ember records

Ember Records

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Ember Records was the name of two record labels of the 1950s and 1960s, one American and one British.[1]

British Ember Records

1950s to 1960s

In the late 1950s, the eccentric avid jazz fan Jeffrey Kruger, owner of the famous Flamingo Jazz Club, was looking for a new challenge. At the time, the British music industry was largely dominated by four major record labels who, thanks to the lack of a national popular music radio station, found it easy to dominate the airwaves by buying slots on Radio Luxembourg. Therefore, the only way independent record labels could achieve success was by concentrating on specialist genres.

Kruger realised that considerable success could be gained if, rather than focusing on one specific musical genre, he instead focused on a plethora of them. Releases under the jazz, pop, R&B, beat, soul, rockabilly, and other genres followed and Kruger started to establish Ember as a major independent force in the UK. As Kruger explains:

The first major achievement and breakthrough for the label came when Kruger realised the British music fan's thirst for American music, and though the five major labels dominated the best licensing deals the US had to offer, some hot American independents did not yet have a presence. Kruger flew out to the US and did deals with, amongst others, 20th Century Fox (a major coup for an independent at the time), Sam Phillips, Harry Simeone Chorales Onward Christian Soldiers label and Syd Nathan, boss of King and Federal Records in Ohio.

As Kruger recalls:

Becoming the first British label to set up its own distribution and pressing facilities helped Ember cement their place in the industry. By 1963, Ember had built up a roster of UK artists such as Matt Monro, The Dale Sisters,[2] Grant Tracy and The Sunsets, and the talented duo John Shakespeare and Ken Hawker (recording as Carter, Lewis & The Southerners). The next big break came when composer, producer and arranger John Barry left EMI to join Kruger. During his time with Ember, he scored hits with pioneering folk duo Chad Stuart & Jeremy Clyde and, if rumour is to be believed, Christine by Miss X (Joyce Blair).

As the decade wore on, the label continued to release records from across the musical spectrum, from film and TV themes such as The Liars (which established a young Nyree Dawn Porter) through to the noted soul 45s for which the label became renowned. These featured acts such as The Casinos, The Checkmates and Lou Lawton, Stax hitmakers The Bar-Kays, King Curtis and The Pac-keys.

On the recommendation of John Abbey, who set up the subsidiary soul label Speciality where some of those previous releases first appeared, Kruger gave a debut to the man who would go on to become Embers biggest hit: Glen Campbell. Despite a considerable investment from Kruger however, they, initially at least, struggled to achieve success.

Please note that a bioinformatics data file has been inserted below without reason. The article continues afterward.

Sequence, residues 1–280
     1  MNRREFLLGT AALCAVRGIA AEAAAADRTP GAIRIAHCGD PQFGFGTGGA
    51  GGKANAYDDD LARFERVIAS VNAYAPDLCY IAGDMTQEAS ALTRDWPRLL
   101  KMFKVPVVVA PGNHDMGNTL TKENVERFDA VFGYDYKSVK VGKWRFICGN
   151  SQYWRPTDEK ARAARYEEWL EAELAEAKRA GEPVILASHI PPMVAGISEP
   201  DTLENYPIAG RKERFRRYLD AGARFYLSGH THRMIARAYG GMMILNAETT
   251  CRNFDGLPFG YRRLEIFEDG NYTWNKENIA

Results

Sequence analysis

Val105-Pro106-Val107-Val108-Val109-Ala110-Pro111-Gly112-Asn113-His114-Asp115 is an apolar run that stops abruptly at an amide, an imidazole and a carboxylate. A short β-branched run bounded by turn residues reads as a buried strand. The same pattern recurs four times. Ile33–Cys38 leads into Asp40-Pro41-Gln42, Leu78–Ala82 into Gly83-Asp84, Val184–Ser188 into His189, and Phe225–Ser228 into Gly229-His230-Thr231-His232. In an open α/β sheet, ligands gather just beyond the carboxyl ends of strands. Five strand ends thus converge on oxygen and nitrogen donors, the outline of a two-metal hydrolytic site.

It was around this time that the label became the first British independent label to have three of its singles at the top of the American charts.

1970s to present

As Ember moved into the 1970s it put out successful releases by the likes of Julie Rogers and Susan Maughan, and, through the release by Avengers actress Linda Thorson, the label proved, as they had with Twiggy years earlier, that she could have as much success in front of the microphone as she subsequently had away from it.

In 1979, after Kruger had continued to put an impressive number of soul releases by artists such as Ed Robinson, Tony and the Tyrones and golden oldies such as Gladys Knight, as well as new albums by PJ Proby and Johnny Otis, the label, essentially becoming a victim of its own success, was wound down. By this stage Kruger was involved with a number of other businesses in the music industry, not least becoming one of Europes leading concert promoters, and felt he could no longer dedicate the time to the label that he felt it deserved.

In 2009, Fantastic Voyage, a subsidiary of the Future Noise record label, started releasing a series of albums focused on the various genres Ember had promoted. This was to coincide with the fiftieth anniversary of the first Ember release and the thirtieth Anniversary of the last.

American Ember Records

Among the artists on the American label were the Five Satins, who recorded "In the Still of the Night".


  1. Herald/Ember/Muse Album Discographies. Bsnpubs.com (1997-11-05). Retrieved on 2011-03-13.
  2. Say When: Ember 60s Pop, Vol. 1 - Various Artists | Songs, Reviews, Credits, Awards. AllMusic. Retrieved on 2014-01-31.
This page was last modified 31.01.2014 13:20:57

This article uses material from the article Ember Records from the free encyclopedia Wikipedia and it is licensed under the GNU Free Documentation License.